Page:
Parler: Is the conservative Twitter alternative on its way out?
Parler has established itself as a serious alternative for those who think they are experiencing too much censorship on platforms such as Twitter. It seems that trouble is beginning to loom now, as it is not just tech giants Google, Apple, and Amazon who are currently making life more than difficult for Parler.
Parler: playground of right-wing extremists
Just a few days ago, Parler CEO John Matze was jubilant about the huge reception for his app by the masses. Parler is seen as a conservative Twitter alternative and has dominated the download charts in the app stores for days. This is even starker ever since outgoing US President Donald Trump was banned by Twitter, seeing his supporters flocking to this alternative platform. It's not really "conservative," though, because the main difference of Parler with Twitter is the lack of rules and moderation.
This has given rabble-rousers, contrarians, conspiracy theorists, anti-vaccinationists, and, last but not least, racists a glorious playground to let off steam to their heart's content. Over here, they can exchange ideas without the constant interference of supposed do-gooders, and it is also speculated that the attacks on Capitol Hill were discussed and coordinated.
Tough headwinds ahead for Parler
It does seem that the headwinds Parler is sailing into are getting tougher and tougher. News has been pouring in over the past few days, starting with Apple and Google banning this app from their respective app stores. This made it much more difficult for potential users to install Parler and become part of the network. On Google's part, they justified this move by saying the presence of Parler would invite posts to be posted there continually that might just incite further violence.
As if that wasn't bad enough for Parler, Amazon, the other tech giant in the fray, came forward and hit the service even harder: on Monday night, the service, which is hosted on Amazon Web Services (AWS), had its servers taken down. Since then, the lights have been off at Parler, and according to recent statements by the CEO, they've been working longer than expected to get this problem fixed.
Nobody wants to play with Parler
Up until now, Parler did not mind being a bit of a less famous version of Twitter, but that might be different now. After all, Parler cannot find a host for their services, and no company is offering up their services that would see them aligning themselves to Parler's common cause. Heck, even the company's very own lawyers do not want to be associated with Parler! So this is the perfect time for – precisely, a privacy scandal!
Yep, that's right. Unsurprisingly, they've been pretty lax with privacy and security of the service, so much so that activists have now managed to hijack 70 TBytes of Parler users' data, as our colleagues at golem.de reported. Postings, photos, videos – everything was there for the taking, and things are likely to get hairy especially for those involved in last Wednesday's events in Washington.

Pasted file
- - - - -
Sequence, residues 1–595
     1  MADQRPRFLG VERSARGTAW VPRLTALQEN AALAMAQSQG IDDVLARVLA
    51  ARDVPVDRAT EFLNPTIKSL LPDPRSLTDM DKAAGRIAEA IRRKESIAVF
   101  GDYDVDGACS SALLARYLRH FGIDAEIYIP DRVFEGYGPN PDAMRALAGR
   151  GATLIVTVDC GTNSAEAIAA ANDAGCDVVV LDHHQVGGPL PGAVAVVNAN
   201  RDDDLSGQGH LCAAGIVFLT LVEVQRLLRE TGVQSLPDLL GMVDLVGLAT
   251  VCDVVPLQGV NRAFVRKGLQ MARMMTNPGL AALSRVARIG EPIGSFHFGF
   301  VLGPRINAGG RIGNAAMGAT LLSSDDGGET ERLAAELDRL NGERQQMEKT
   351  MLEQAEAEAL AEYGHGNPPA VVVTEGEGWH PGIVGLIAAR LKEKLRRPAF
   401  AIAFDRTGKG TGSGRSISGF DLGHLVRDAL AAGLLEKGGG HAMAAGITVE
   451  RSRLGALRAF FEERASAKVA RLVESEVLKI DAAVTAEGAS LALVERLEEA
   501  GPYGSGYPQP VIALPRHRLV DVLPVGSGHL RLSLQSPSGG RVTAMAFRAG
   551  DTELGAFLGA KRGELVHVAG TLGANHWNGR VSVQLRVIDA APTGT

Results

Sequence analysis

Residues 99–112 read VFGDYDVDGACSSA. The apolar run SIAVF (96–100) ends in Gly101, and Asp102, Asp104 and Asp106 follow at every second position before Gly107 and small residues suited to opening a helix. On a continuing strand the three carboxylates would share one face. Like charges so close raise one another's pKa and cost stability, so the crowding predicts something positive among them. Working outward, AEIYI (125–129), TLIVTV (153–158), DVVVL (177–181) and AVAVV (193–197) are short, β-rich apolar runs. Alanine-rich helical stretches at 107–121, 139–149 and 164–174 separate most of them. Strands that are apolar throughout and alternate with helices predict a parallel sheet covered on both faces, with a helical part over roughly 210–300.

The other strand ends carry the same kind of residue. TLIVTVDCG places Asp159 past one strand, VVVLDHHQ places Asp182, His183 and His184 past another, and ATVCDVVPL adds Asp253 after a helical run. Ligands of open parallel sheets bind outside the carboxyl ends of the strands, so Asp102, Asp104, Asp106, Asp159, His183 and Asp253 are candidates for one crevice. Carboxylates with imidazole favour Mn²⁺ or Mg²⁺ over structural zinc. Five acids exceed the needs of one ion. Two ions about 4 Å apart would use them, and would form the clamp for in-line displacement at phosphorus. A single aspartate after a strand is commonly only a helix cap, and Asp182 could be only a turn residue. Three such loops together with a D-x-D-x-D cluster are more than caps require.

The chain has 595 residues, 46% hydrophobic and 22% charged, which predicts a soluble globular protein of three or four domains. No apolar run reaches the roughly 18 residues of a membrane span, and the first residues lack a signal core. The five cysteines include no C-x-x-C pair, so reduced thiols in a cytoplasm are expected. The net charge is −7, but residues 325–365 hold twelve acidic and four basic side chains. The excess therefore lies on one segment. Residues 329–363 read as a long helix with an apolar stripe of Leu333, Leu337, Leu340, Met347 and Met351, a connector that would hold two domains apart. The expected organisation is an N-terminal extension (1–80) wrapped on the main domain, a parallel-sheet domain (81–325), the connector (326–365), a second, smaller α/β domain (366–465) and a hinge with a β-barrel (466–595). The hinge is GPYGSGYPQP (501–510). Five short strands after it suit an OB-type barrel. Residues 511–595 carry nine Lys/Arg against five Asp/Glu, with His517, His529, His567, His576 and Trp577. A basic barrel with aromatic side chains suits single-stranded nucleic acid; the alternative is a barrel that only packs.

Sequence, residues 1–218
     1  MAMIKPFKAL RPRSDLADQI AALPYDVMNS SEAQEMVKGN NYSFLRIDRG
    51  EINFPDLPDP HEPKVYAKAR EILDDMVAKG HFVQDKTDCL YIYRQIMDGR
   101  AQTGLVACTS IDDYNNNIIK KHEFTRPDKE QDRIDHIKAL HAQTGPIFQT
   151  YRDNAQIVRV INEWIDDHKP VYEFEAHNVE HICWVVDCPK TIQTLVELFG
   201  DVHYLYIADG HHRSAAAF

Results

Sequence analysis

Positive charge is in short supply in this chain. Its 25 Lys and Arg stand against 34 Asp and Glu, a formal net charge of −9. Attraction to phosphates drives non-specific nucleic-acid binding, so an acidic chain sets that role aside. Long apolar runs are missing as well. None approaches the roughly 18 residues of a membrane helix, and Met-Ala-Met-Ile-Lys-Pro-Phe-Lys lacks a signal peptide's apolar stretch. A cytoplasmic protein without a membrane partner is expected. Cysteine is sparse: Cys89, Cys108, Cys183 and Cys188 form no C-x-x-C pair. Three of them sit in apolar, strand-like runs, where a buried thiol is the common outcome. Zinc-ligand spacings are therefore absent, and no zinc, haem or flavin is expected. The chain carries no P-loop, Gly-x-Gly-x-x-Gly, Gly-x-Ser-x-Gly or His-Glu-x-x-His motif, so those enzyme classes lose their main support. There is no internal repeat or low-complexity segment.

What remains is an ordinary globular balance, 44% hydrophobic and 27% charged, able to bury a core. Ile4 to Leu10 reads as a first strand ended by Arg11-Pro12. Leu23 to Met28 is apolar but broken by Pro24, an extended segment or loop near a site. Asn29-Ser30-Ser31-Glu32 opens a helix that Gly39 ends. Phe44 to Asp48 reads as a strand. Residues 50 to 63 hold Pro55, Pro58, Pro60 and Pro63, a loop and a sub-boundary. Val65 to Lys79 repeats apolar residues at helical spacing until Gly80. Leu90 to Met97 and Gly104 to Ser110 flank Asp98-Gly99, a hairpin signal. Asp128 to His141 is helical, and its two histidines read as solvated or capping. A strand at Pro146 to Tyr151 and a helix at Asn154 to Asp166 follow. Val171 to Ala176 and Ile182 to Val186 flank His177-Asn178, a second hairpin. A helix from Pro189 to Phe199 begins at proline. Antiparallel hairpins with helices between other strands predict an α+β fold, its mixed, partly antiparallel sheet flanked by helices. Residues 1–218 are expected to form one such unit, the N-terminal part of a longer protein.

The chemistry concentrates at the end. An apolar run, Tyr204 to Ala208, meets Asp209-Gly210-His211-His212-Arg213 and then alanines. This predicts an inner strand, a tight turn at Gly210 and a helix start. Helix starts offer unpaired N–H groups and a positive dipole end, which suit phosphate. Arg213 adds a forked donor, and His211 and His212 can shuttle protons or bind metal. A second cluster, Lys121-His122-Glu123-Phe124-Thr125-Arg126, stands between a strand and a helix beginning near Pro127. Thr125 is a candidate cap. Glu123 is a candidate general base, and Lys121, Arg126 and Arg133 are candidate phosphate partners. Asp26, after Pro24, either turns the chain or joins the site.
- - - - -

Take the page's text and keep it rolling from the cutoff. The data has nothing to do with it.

In order to secure a "Verified Citizen" status on Parler, users had to upload the front and back of their driver's licenses – relevant law enforcement agencies, to whom all this data is made available, have presumably long since been rubbing their hands in glee. You can read about how this whole coup happened on Reddit.
Is this the end for Parler?
With that, we can conclude that Parler is currently down, and the platform is cannot be downloaded via Google Play or the Apple App Store. No one wants to work with Parler or even be seen to be associated in any way, and a huge mountain of user data with some content that could implicate certain quarters with criminal charges will end up in the hands of investigating law enforcement agencies. Probably not the best week in the life of Parler CEO John Matze.
We can continue to speculate how this platform will ever manage to get anywhere near the relevance it managed to achieve in the recent weeks and months. It is quite possible that Parler will not recover from this blow and the digital rabble-rousers will move on to the next available service not too long after.
We will report on this topic further as news breaks, and also question whether the tech companies have acted collectively are overstepping their boundaries yet again by being over-controlling and having too much power in their hands. Feel free to let us know your opinion in the comments section and how you see Parler and the handling of Parler.
Source: New York Times, Spiegel